On 22 July 1919 the curtain rose at the Alhambra Theatre in London for the première of The Three-Cornered Hat, which delivered a dose of Andalusian culture to the British capital, albeit through a Russian ballet company.
Based on the original novel by Pedro Antonio de Alarcón, the ballet was performed to traditional Andalusian folk music, composed by Cadiz-born Manuel de Falla. Instead of classical ballet steps, The Three-Cornered Hat mostly used the techniques of Andalusian dance, adapted or rather simplified by Russian choreographer Léonide Massine. Another famous Andalusian, Pablo Picasso, was brought in to add his avant-garde touch to the staging of the ballet.
The Three-Cornered Hat was commissioned by Russian ballet impresario Sergei Diaghilev, who had started working with Picasso in 1916, when he invited him to help with the staging of Parade in Paris. It was through that first experience in set design that the artist met his future wife, Olga Khokhlova.
For Diaghilev, Picasso was an obvious choice to design the set for The Three-Cornered Hat, a ballet about his native Andalucía. On 25 May 1919, Pablo and Olga arrived in London, the artist's first visit to the British capital. The Picassos stayed in room 574 at the Savoy Hotel, the ballet's headquarters. On 1 June a Sunday newspaper, the Weekly Dispatch, carried what would have been the first interview with Picasso in England.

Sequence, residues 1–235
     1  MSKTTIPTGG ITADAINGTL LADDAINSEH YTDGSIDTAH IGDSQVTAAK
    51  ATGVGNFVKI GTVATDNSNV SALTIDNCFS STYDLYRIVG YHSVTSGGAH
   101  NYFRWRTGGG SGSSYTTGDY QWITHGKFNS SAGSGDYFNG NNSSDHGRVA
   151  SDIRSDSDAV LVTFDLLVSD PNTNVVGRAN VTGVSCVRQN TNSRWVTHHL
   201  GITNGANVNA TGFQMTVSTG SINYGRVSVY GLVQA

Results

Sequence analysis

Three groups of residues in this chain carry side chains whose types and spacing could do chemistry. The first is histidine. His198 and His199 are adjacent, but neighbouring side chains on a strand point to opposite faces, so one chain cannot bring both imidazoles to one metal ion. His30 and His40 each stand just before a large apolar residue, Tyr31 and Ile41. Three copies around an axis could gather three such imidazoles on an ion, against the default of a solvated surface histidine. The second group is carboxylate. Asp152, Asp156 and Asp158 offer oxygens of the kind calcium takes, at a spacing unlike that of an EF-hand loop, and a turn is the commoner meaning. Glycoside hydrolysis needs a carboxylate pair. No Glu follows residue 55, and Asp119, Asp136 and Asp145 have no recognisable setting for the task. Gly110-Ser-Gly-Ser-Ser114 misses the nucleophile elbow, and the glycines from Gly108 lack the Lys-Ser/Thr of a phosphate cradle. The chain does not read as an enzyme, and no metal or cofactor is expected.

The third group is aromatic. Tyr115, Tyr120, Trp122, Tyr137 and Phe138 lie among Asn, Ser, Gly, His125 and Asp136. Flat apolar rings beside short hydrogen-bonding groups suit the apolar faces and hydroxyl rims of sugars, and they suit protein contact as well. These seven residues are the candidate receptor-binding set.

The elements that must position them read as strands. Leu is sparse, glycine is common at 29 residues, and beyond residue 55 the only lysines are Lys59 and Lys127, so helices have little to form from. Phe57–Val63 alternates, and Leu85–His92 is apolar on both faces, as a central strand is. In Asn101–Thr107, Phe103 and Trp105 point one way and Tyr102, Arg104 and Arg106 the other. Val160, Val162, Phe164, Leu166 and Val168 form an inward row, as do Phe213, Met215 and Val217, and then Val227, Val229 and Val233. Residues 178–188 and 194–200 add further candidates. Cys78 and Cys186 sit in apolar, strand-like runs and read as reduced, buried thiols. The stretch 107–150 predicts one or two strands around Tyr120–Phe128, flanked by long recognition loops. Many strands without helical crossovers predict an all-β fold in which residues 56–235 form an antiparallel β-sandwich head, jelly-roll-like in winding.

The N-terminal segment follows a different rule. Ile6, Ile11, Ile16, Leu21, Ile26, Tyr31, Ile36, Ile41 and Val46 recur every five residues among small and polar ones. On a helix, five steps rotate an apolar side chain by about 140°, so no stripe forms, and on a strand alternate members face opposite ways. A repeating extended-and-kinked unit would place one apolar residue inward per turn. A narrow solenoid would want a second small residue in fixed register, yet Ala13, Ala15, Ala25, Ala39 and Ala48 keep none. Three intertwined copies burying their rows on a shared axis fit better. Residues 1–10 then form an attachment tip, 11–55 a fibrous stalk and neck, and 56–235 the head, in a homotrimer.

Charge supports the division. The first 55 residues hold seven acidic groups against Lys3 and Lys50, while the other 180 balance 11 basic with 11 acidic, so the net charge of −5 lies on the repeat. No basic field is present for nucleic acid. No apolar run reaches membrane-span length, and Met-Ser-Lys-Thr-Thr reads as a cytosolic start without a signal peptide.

The artist was given a space to work at 48 Floral Street in Covent Garden. It was a large, top-floor room reached by a narrow staircase. Picasso used to go daily to the studio, and showed a keen interest in the work of the scene painters, among them Vladimir Poluin. The artist asked them to respect the individuality of his drawings and to pay particular attention to their colours. Picasso had also done individual sketches of the dancers' make-up, and even applied it himself.
It is thought that the painter felt especially responsible for correctly depicting Spain, or rather Andalucía, in England, through the ballet. So his stay in London was almost totally devoted to the project, although he did have some time to look around. On one occasion, he asked Clive Bell, an English art critic, to accompany him on a visit to the East End.
Composer Manuel de Falla had arrived in London in June to prepare the show. However he was unable to conduct the first performance as he had to return to Andalucía to see his dying mother. He left hours before the curtain rose. As it did, it revealed to the audience a mill in the Andalusian countryside.